I haven’t done a cocktail post in quite sometime, but I never stopped drinking. I decided to jump back into the cocktail posts with one of my staples: a good bloody mary.
I’m a sucker for a good bloody mary. They’re delicious, they’re versatile, and although they’ve been unjustly labeled as a breakfast/brunch drink, I drink them pretty much any time of day. AND YOU CAN TOO!
The coolest thing about bloody marys is how varied they are. Everyone has seen those instagram accounts and pinterest posts dedicated to the most elaborately garnished bloody marys. They’re meals almost in themselves.
But! A bloody mary is, first and foremost, a drink. And no matter how many wacky garnishes you add to it (I’ve seen everything from the traditional celery to a whole fried chicken), if your drink isn’t very good, you aren’t going to enjoy it very much.
Like any good meal, the key to a good drink is good (fresh, if possible) ingredients. I don’t have any fresh tomato/vegetable juice, so I use V8. Typically I use the high fiber or low sodium versions for personal health reasons, but you can use whatever you like. Campbell’s puts out a tomato juice that a lot of people like. That’s another cool thing about bloody marys – they can be tweaked to your taste, almost endlessly.
The other thing that makes a drink good: quality liquor. Sure, there are times when plastic bottle vodka and supermarket brand orange juice from concentrate serve their purpose, but as you get older, and you’re drinking socially, and not just to be wasted, you want something that gets you pleasantly buzzed and doesn’t also taste like it was an experiment concocted in a Russian prison.
I make bloody marys with two liquors: vodka or tequila. I’ve had one where a whiskey was used, but I didn’t enjoy it as much. The taste just wasn’t right. So I stick to vodka and tequila.
I’ve found a recipe that works for me, more or less, every time. You can adjust as you wish, but here is how I make mine.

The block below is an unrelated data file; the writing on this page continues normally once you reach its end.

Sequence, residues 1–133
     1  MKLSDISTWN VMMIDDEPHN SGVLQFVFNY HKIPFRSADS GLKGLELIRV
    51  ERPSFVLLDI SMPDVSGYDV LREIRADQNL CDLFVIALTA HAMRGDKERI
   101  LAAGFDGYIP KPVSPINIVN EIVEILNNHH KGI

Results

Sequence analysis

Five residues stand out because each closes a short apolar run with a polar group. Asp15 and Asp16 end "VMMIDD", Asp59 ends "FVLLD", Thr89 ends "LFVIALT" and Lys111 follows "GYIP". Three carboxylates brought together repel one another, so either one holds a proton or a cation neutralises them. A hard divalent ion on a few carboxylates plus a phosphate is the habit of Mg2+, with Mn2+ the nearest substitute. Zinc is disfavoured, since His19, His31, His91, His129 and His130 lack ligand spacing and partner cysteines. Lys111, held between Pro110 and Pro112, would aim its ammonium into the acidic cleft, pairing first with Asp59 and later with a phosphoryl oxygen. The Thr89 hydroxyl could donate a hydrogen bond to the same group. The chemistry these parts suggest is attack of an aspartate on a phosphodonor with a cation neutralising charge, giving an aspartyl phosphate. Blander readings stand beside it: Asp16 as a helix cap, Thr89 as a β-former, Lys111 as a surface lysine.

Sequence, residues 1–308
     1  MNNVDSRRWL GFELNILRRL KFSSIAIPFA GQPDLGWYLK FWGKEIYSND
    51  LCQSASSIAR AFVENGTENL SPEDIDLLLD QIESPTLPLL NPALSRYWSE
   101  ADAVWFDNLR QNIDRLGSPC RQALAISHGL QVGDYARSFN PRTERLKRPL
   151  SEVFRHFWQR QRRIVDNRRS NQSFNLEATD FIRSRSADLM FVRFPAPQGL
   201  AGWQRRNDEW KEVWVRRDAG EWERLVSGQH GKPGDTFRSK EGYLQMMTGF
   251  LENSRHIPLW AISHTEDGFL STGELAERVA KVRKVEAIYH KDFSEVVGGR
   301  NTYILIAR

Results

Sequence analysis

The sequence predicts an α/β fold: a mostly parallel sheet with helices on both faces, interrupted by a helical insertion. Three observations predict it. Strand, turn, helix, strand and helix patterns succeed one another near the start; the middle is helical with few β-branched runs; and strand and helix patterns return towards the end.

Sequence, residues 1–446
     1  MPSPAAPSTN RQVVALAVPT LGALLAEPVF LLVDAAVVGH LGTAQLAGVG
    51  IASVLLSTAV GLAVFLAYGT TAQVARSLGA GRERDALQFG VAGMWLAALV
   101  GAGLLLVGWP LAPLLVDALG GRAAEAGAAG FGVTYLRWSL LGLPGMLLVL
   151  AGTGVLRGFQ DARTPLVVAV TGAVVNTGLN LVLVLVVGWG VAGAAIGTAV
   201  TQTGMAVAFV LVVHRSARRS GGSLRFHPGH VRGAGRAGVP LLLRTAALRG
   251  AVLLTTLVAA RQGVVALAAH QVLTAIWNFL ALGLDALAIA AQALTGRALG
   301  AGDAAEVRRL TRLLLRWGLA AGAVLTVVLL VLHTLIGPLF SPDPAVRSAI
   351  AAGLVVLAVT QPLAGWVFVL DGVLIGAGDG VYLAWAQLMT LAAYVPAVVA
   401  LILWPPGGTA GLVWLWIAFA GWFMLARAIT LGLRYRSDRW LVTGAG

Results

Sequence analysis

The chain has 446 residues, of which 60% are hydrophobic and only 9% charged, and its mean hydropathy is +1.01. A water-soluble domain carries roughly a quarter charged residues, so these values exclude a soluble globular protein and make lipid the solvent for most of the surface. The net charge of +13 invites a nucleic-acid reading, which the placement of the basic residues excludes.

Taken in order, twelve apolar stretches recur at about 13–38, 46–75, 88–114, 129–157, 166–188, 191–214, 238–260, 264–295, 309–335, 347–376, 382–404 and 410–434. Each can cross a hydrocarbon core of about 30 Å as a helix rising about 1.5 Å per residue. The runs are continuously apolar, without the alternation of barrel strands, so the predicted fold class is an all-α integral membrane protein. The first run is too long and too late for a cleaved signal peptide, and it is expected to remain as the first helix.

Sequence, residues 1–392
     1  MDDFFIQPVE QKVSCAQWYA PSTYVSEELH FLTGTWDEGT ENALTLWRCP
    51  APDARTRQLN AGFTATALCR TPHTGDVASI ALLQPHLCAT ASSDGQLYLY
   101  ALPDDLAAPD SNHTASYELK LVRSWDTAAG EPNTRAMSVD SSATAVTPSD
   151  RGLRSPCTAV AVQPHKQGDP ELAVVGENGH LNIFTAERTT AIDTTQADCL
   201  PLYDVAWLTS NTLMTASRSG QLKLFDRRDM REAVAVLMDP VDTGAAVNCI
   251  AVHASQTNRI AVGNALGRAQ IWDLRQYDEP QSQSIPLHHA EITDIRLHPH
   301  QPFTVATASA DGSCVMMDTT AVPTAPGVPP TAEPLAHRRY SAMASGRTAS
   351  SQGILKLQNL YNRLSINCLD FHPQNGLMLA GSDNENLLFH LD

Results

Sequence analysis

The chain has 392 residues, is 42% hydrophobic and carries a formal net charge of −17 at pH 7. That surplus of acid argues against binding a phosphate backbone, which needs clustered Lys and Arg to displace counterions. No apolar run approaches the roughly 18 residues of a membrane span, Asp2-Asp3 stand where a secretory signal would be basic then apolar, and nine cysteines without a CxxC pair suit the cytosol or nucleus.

1.5 – 2 oz vodka or tequila. For this particular morning, I used this:
This is Tanteo Jalapeño Tequila, and it is delicious.
I also used:
6 – 8 oz high fiber V8
the juice of 1 whole small lemon, or 1/2 one large lemon (limes work too, I just prefer lemons)
1 tablespoon horseradish (for me, this is key!!!)
4-5 dashes Worcestershire sauce
Old Bay seasoning
(the airtight jar is filled with pickled jalapeños – more on that later)
My ingredients looked like this:
(Ignore the brown bananas. They’re for banana bread later this weekend.)
Add the liquor, vegetable juice, lemon juice, horseradish, and Worcestershire sauce into a cocktail shaker. Shake to combine. Pour into glasses, either over ice or without, according to preference. Sprinkle Old Bay Seasoning over the top. I used the pickled jalapeños for garnish. I have also muddled them up and used them to add flavor when I used plain vodka instead of jalapeño tequila.
So that’s my basic recipe for a bloody mary, minus the pickled jalapeños. Sometimes I change it up with crumbled bacon or some olive juice or a flavored vodka/tequila, but basically, that’s it. As I said, there are a million variations you can use to make a bloody mary. Some people like a really spicy one or don’t like Worcestershire sauce. Whatever. It’s up to you.
BUT! I always use horseradish in my bloody mary. As mentioned, it’s key. I prefer it to Tabasco or any other hot sauce for two simple reasons
- It adds a unique taste that hot sauce doesn’t have (although my husband likes adding both horseradish and hot sauce).
- It adds texture. I love texture. You can adjust spice by adding more or less horseradish, or using fresh. In my experience, fresh horseradish is very potent. Don’t use the purple horseradish, which has beet juice in it. Well, I guess you can, but I don’t like it, haha.
And like I said, I drink these at all hours. My version is quite popular with my family (we’re drinkers and they’re my favorite test audience because they don’t lie – if something sucks, I hear about it). Serve with brunch, dinner, afternoon tea. Enjoy.